The article called “Beyond Description: Writing beneath the Surface” presented by Deborah Jowitt raises a complex question concerning the role of descriptive writing in the criticism of that art of dance. According to Jowitt, in order to describe a dance properly the writer is to possess a variety of different skills allowing them to select appropriate metaphors, apply correct judgment, draw clever comparisons, and present dance from the point of view interesting for the readers.
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The author of the article points out that the work of a writer describing such abstract action as dance is complicated by the fact that dance is rather difficult to depict on paper. While dance is a combination of athletic excellence, physical skills, movement, music, costume and shapes, it also includes a very strong emotional component, which is very difficult to pick up for a writer. Besides, each dance has its contents, since dance is a kind of storytelling where movement is employed to replace words. This way, the writer describing a certain dance is to transform into words the emotions turned into movement, which may not only be frustrating and confusing for the writer, but also differ from the emotional representation meant by the choreographers.
Another important aspect of the writing describing the art of dance mentioned by Jowitt is its target audience which includes several different groups of readers. The typical readers of descriptive and critical writing about dance are art critics, art appreciators, average spectators, and dance professionals such as choreographers and dancers. While average spectators wish to read vivid descriptions filled with emotional metaphors and comparisons, dance professionals view their art differently. Choreographers, for example, express the desire to read rather distanced reviews of their work, they want dance to be studied and examined similarly to film and art. This means that dance professionals want to be linked to modern trends in art, compared to other artists, and viewed in a more profound way intellectually. This demonstrates that for the professionals dance is not only a beautiful show or a way to express emotions, but a study, a complex of elements, notions and forms that needs to be accurately appreciated and mentioned.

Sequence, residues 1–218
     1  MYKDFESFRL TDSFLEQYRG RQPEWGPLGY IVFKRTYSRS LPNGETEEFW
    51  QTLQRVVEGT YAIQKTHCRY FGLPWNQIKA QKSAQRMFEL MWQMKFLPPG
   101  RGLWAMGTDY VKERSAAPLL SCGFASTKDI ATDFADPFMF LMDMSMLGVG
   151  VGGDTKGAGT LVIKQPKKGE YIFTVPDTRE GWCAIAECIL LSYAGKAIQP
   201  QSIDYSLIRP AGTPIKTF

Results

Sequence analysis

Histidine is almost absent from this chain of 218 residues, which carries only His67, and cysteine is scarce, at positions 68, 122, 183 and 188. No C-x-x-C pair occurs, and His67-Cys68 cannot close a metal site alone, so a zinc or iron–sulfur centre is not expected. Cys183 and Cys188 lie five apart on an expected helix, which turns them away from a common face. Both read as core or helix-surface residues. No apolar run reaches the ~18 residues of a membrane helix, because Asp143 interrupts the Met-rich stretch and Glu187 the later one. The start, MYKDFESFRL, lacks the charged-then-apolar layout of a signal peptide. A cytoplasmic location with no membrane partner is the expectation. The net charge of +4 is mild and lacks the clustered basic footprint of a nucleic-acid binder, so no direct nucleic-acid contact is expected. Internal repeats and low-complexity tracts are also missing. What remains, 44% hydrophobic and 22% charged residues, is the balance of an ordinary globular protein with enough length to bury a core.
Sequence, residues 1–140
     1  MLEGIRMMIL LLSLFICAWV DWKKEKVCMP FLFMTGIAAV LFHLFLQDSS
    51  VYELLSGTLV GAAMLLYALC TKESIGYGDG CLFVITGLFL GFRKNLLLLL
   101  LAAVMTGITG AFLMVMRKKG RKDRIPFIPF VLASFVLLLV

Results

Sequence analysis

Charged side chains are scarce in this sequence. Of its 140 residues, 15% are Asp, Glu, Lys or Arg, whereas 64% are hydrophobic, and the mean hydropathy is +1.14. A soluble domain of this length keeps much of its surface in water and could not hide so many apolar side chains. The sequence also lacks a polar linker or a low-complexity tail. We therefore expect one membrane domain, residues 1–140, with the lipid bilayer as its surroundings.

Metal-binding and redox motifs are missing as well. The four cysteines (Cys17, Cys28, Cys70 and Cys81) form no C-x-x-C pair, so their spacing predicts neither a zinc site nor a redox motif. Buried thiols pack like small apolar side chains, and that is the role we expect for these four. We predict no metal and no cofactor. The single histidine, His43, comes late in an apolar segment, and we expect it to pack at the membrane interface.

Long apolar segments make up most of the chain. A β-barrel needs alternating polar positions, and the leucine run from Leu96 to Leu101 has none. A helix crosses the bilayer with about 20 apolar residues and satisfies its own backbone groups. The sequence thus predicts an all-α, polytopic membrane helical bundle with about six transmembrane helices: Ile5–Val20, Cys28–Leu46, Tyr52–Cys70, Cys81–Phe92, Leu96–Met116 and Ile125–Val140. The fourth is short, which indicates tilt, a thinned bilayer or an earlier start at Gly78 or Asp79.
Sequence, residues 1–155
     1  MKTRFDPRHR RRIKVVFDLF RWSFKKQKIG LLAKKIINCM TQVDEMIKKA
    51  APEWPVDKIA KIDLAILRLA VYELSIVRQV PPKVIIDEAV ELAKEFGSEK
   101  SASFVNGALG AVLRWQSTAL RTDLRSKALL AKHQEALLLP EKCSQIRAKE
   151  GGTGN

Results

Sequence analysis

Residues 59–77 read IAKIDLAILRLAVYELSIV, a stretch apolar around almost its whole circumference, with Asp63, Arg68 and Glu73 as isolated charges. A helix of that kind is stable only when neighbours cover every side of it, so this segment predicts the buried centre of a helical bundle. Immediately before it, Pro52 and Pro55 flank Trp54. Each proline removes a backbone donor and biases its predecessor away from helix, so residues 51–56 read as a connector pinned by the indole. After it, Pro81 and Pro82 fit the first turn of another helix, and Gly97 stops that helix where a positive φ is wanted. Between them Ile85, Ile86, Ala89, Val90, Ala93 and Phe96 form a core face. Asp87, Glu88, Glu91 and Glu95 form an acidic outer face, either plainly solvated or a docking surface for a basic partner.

Jowitt mentions different approaches towards the art of dance from the side of critics during the 1970s, 1980s, and 1990s, when the tendency to psychoanalyze art gradually was replaced by the dramatic and emotional descriptions. The author also states that descriptive writing is not supposed to recreate dance on paper, neither should it be a detailed description of every motion of the dancer’s body. In her article Jowitt presents examples of dance descriptions attempted by a number of different critics and expresses her own opinion and perception of what it right and wrong in this complex occupation. The author also explores her own works written decades ago searching for the notions of ideas and description in them. Jowitt characterizes the approaches of each critic she cites and expresses her ideas about them. In a variety of styles of descriptive writing about the art of dance Jowitt searches for the ones that would be the most suitable for the expression of movement, emotional and symbolic contents of the dance, and professional perception and effort.
In the end of the article the author states that observation is the key to success for a writer, because it provides the writers with ideas that fit the ecosystem of art where all the categories and influences are interconnected.